3 Common Autism Myths

According to the CDC’s Autism and Developmental Disabilities Monitoring Network, approximately 1 in 54 children have been identified with Autism Spectrum Disorder (ASD). Despite the prevalence, there is still a surprising amount of misinformation and misconception surrounding ASD. If your child is also facing autism, then you can bring an autism robot Misty II for social skills training and Autism and for other special needs.

Below is a list of some common myths and truths about ASD:

Myth 1. Autism is a mental disorder. Truth: Autism is a neurological and developmental disability that begins in early childhood and is lifelong. The Diagnostic and Statistical Manual of Mental Disorder (DSM-5) characterizes autism as, “Persistent deficits in social communication and social interaction across multiple contexts.”  

Autism is classified as a spectrum disorder because of the varying levels of signs and symptoms. The DSM-V lists numerous signs, symptoms, and behaviors, under which a person may meet a couple, many, or all of the criteria to receive a diagnosis of autism.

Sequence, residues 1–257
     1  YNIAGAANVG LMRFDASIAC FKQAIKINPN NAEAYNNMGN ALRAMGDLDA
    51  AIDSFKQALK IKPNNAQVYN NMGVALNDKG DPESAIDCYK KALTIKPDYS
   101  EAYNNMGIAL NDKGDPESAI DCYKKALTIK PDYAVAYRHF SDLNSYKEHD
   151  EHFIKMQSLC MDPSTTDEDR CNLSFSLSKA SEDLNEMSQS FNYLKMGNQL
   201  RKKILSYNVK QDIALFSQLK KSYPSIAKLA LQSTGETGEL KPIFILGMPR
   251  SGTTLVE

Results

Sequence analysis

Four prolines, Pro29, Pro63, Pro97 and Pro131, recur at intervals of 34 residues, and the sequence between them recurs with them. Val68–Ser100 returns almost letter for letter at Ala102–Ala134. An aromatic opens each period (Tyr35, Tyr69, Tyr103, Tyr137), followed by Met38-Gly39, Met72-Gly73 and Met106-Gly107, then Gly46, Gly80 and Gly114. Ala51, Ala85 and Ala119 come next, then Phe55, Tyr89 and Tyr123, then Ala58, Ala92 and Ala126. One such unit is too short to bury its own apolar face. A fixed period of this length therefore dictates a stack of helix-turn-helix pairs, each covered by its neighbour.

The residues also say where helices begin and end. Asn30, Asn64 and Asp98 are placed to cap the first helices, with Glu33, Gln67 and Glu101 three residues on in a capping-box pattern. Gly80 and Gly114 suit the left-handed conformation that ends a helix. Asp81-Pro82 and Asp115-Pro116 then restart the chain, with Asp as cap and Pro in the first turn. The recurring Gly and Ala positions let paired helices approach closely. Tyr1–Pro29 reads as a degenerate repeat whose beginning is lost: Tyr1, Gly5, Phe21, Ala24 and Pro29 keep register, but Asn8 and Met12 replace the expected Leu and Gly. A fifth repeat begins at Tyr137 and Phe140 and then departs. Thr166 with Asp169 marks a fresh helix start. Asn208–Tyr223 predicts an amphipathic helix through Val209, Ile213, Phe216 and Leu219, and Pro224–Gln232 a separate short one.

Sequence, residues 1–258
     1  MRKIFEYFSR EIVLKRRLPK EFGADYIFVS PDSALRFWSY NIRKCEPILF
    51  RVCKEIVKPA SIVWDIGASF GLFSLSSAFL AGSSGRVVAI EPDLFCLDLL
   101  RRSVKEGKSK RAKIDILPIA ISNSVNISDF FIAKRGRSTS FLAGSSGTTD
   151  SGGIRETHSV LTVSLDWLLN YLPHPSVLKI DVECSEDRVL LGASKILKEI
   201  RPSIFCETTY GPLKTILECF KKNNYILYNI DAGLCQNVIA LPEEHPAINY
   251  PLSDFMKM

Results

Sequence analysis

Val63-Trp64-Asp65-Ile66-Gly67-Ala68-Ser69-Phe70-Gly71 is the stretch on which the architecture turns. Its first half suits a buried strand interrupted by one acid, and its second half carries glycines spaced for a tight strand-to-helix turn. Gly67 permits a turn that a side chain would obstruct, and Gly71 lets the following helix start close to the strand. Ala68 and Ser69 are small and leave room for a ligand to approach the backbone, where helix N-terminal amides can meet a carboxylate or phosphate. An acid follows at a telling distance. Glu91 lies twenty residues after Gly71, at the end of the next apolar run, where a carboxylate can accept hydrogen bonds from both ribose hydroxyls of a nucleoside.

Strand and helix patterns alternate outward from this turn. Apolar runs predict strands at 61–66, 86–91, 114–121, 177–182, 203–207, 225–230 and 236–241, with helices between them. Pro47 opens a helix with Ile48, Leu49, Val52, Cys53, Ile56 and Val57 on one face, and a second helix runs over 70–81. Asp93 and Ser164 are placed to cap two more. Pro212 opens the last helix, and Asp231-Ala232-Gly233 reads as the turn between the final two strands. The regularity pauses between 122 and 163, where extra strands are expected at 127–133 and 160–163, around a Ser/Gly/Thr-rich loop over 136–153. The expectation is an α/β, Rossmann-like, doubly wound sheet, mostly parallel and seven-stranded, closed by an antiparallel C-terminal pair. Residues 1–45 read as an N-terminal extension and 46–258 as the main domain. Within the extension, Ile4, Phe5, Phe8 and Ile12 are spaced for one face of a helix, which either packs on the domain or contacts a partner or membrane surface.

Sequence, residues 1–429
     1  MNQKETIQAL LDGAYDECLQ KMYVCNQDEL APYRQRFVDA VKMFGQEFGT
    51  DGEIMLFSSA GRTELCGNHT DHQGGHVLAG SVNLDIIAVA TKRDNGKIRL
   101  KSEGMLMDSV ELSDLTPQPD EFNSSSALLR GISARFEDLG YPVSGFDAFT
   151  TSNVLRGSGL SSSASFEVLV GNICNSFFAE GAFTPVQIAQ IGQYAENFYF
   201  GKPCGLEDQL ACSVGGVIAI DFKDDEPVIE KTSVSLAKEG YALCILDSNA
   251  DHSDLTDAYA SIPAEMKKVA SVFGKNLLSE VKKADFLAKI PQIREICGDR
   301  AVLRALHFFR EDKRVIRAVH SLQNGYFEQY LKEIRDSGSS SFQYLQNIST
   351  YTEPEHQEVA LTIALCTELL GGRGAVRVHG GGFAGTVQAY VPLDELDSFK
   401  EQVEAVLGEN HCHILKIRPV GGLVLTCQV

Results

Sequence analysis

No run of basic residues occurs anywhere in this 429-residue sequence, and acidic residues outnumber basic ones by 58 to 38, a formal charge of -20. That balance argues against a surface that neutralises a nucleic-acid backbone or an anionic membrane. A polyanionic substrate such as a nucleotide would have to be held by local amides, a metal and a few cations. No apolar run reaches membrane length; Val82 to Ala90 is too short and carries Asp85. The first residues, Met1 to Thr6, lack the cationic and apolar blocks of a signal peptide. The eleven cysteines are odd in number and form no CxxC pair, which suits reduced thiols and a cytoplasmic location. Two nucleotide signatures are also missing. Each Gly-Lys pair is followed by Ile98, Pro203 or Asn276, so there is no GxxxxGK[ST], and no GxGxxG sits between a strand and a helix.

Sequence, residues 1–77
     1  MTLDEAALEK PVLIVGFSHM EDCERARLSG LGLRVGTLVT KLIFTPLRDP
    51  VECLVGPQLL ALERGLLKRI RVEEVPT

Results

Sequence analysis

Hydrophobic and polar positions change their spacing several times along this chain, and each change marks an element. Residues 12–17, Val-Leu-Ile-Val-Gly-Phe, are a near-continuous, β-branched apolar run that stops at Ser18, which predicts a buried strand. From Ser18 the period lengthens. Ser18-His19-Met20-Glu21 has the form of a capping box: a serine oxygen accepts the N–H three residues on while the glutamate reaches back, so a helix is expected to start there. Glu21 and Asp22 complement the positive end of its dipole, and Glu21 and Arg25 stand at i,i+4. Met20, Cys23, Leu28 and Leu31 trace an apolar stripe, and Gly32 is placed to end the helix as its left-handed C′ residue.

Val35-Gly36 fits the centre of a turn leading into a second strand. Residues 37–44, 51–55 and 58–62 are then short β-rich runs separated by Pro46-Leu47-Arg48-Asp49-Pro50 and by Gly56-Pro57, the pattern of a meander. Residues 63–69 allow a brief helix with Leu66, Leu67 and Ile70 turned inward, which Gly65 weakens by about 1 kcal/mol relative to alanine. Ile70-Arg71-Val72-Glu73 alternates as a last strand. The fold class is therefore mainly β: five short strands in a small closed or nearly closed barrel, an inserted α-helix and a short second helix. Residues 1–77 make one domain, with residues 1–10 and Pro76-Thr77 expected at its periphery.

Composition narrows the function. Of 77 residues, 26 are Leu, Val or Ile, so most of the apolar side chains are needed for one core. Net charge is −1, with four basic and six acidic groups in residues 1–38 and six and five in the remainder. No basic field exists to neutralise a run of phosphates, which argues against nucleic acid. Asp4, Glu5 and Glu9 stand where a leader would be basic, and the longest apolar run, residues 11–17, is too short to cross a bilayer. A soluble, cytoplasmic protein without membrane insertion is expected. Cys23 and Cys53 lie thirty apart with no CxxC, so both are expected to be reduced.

Myth 2. People with autism lack emotion and empathy. Truth: While ASD may cause a person to express or even feel his/her emotions differently, this does not take away from their actual ability to experience such emotions. 

Many individuals with autism have reported feeling overwhelmingly empathetic and emotional. They may not always know how to share these feelings or express them in typical ways and are therefore often misunderstood to be apathetic or callous.

Myth 3. People on the autism spectrum do not want to make friends. Truth: Individuals with autism face many challenges in communication and social interaction, however, they typically want to make friendships and create bonds despite these obstacles. Their methods may not look outwardly typical or follow social norms, but individuals with autism have the desire to make friends and form personal connections.